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Father, son who killed neighbor over trash re-arrested, bond increased to $250,000

The father and son who killed their neighbor in a fight over trash have been re-arrested after a judge increased their bond to $250,000.

"Both John and Michael Miller’s bonds were originally set at $25,000 each by a Justice of the Peace," said Abilene Police Chief Stan Standridge. "They then bonded out immediately, which was a great concern to both myself and our community. Taylor County District Attorney, Jim Hicks, filed a Motion of Insufficiency of Bond this afternoon to address the Department and public’s concern."

That motion was filed two days after KTXS aired video of the Millers shooting Aaron Howard on Sept. 1 during what court documents call "an argument about the placement of a box mattress."

When Howard, who was about 7-feet away, raised a baseball bat, John Miller fired two shots, according to police.

Howard then threw the bat at John Miller.

Michael Miller then shot Howard, who was now unarmed, with a shotgun. John Miller then shot him two more times.

Howard died at Hendrick Medical Center.

The cause of death was a "gunshot wound of the chest and shotgun wound of the chest."

Howard was also shot in the fright forearm.


Full Statement

The Abilene Police Department is conducting a murder investigation of Aaron Howard (age 37). Howard was allegedly shot and killed by suspects, John Miller (age 67) and his son, Michael Miller (age 31). The two parties were in a dispute over refuse in an alley shared by the two families. The incident was recorded via a cellphone by Howard’s girlfriend, Kara Box. She subsequently distributed the video publicly. The video was not released by the Department.

Both John and Michael Miller’s bonds were originally set at $25,000 each by a Justice of the Peace. They then bonded out immediately, which was a great concern to both myself and our community. Taylor County District Attorney, Jim Hicks, filed a Motion of Insufficiency of Bond this afternoon to address the Department and public’s concern based upon the following information:

On September 1, 2018, the Abilene Police Department began investigating a shooting in the alley behind the 4300 block of Don Juan. It was determined that John Miller and Michael Miller discharged firearms at Aaron Howard after engaging in an argument about the placement of a box spring in the alley, killing him. When the first shots were fired, Aaron had a bat in his hand and was approximately seven feet from John Miller, who was the closest to him. When Michael Miller discharged his shotgun and John Miller fired the final two rounds from his pistol, Aaron Howard was unarmed. Both the Millers admitted to shooting Howard, who died after being transported to Hendrick Medical Center. Aaron Howard’s wife/girlfriend, Kara Box, recorded the incident on her cellphone and Detective Jordan Brown reviewed this video. He believes it is apparent from the video, combined with the interviews of the Millers, that they were tired of their neighbor, Aaron Howard, acting out and yelling and threatening them verbally. They brought out firearms during this argument and both Millers stood in the alley as Aaron Howard got more and more upset. As soon as he raised the bat while approximately seven or more feet away from John, John shot him.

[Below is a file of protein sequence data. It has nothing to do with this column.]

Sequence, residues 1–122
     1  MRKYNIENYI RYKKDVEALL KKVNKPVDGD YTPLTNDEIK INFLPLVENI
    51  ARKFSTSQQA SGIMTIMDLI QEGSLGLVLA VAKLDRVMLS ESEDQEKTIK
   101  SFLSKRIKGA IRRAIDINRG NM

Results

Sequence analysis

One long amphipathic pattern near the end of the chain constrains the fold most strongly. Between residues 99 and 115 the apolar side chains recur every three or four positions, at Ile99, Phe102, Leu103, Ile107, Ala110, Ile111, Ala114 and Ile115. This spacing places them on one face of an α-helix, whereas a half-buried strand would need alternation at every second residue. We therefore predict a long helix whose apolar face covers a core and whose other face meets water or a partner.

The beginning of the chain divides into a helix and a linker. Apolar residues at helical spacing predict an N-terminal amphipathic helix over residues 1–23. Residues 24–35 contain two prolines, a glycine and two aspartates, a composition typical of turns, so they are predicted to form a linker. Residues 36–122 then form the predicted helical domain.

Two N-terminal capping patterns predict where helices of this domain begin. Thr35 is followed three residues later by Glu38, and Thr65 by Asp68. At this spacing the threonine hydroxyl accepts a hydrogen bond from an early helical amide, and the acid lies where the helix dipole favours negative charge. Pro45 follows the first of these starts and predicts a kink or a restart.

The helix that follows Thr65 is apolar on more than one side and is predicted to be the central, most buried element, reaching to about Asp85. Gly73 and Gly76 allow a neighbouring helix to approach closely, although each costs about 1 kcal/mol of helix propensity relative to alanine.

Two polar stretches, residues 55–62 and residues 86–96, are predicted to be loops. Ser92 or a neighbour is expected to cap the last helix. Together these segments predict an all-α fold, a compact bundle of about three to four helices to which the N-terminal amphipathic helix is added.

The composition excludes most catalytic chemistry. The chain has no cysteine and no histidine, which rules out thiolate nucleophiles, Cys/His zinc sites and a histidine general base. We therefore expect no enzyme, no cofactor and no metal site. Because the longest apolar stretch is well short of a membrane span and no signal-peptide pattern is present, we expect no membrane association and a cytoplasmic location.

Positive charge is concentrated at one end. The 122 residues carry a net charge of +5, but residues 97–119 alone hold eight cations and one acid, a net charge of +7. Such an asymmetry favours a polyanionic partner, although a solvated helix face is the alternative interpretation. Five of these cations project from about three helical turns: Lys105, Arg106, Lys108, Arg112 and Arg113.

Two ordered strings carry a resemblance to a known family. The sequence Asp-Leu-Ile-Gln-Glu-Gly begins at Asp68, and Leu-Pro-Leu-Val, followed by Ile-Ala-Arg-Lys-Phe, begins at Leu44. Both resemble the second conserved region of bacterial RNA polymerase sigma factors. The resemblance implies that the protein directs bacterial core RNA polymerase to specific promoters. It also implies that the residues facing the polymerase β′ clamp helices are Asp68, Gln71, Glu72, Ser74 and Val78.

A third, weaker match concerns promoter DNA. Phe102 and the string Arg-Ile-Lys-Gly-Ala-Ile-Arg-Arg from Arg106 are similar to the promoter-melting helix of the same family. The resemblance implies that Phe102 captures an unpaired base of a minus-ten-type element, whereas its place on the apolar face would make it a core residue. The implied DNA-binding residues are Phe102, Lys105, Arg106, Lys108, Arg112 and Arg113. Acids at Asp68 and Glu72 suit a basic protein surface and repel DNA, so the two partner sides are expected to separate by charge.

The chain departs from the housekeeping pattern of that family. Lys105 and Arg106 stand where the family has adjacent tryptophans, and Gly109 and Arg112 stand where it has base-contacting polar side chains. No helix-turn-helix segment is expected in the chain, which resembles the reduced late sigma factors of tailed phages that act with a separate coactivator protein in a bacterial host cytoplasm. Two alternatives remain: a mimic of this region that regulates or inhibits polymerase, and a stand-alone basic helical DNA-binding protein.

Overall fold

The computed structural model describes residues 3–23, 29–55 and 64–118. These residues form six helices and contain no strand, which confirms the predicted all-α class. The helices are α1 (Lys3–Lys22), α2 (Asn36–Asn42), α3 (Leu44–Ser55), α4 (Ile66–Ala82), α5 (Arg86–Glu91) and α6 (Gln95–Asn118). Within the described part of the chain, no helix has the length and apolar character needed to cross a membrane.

John and Michael Miller were taken into custody without incident this afternoon (9/21/18) after the 42nd District Court reviewed the initial bonds and raised them to $250,000 each.

Our Department has received numerous requests for information regarding this shooting. We are actively working this investigation which must be protected through prosecution, reference Tex. Gov’t Code 552.108, therefore we are only releasing the attached information and the suspect’s mug shots.

In the State of Texas, the Texas Public Information Act (the “Act”) gives the public the right to request access to government information. Although the Act makes most government information available to the public, some exceptions exist. One of these exceptions prevents the disclosure of law enforcement records if the release of the information would interfere with the detection, investigation, or prosecution of crime.. Information relating to a pending criminal investigation or prosecution is one example of information that is excepted under sections 552.108(a)(1) and 552.108(b)(1) because release of such information would presumptively interfere with the detection, investigation, or prosecution of crime. (See Houston Chronicle Publ’g Co. v. City of Houston, 531 S.W.2d 177, 184-85 (Tex. Civ. App.—Houston [14th Dist.]); see also Tex. Atty Gen. Open Rec. Ltr No. 2016-20196).)

Respectfully,

Chief Stan Standridge

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